A diocese in Kentucky has apologized after videos emerged showing students from an all-male Catholic high school mocking Native Americans outside the Lincoln Memorial after a rally in Washington.
The Indigenous Peoples March in Washington on Friday coincided with the March for Life, which drew thousands of anti-abortion protesters, including a group from Covington Catholic High School in Park Hills.
Videos circulating online show a youth staring at and standing extremely close to Nathan Phillips, an elderly Native American man singing and playing a drum.
Other students, some wearing Covington clothing and many wearing red “Make America Great Again” hats and sweatshirts, surrounded them, laughing and jeering.
In a joint statement to the Cincinnati Enquirer, the Roman Catholic Diocese of Covington and Covington Catholic High School apologized to Phillips. Officials said they are investigating and will take “appropriate action, up to and including expulsion.”
“We extend our deepest apologies to Mr. Phillips,” the statement read. “This behavior is opposed to the Church’s teachings on the dignity and respect of the human person.”
According to the “Indian Country Today” website, Phillips is an Omaha elder and Vietnam veteran who holds an annual ceremony honoring Native American veterans at Arlington National Cemetery.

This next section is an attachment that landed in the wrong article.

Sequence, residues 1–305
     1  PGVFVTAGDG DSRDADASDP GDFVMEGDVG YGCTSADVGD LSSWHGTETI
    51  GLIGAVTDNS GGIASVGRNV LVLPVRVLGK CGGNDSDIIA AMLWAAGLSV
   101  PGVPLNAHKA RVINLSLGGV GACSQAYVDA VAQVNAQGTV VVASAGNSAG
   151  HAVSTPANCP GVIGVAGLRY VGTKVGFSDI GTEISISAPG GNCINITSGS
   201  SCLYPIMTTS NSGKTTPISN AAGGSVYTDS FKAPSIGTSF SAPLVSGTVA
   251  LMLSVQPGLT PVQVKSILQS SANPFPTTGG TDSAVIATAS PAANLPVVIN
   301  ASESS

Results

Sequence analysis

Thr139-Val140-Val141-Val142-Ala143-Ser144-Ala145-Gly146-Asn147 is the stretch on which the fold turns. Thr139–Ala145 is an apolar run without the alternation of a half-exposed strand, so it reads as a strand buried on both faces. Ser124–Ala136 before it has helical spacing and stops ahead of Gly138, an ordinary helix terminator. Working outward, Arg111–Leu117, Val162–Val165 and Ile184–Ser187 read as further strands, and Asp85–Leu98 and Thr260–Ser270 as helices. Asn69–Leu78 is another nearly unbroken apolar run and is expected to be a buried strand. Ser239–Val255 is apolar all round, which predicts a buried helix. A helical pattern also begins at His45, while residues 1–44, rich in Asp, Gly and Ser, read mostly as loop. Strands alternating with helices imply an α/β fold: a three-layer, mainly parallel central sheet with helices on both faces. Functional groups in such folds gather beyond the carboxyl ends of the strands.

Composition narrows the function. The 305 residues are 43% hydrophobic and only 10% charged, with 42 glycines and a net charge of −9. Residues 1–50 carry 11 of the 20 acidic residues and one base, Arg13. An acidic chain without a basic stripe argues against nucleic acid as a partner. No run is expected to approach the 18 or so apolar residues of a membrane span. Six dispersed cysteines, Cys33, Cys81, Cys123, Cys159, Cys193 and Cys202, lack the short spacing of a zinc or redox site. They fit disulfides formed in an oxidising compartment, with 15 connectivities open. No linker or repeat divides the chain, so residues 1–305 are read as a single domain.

“When I was there singing, I heard them saying ‘Build that wall, build that wall,’” Phillips said, as he wiped away tears in a video posted on Instagram. “This is indigenous lands. We’re not supposed to have walls here. We never did.”
He said he wished the group would put their energy into “making this country really great.”
State Rep. Ruth Buffalo, a North Dakota state lawmaker and member of the Mandan, Hidatsa and Arikara Nation, said she was saddened to see students showing disrespect to an elder who is also a U.S. military veteran at what was supposed to be a celebration of all cultures.
“The behavior shown in that video is just a snapshot of what indigenous people have faced and are continuing to face,” Buffalo said.
She said she hoped it would lead to some kind of meeting with the students to provide education on issues facing Native Americans.
U.S. Rep. Deb Haaland of New Mexico, who had been at the rally earlier in the day, sharply criticized what she called a display of “blatant hate, disrespect, and intolerance.”
“This Veteran put his life on the line for our country,” she tweeted Saturday. “Heartbreaking.”
Melley contributed to this story from Los Angeles.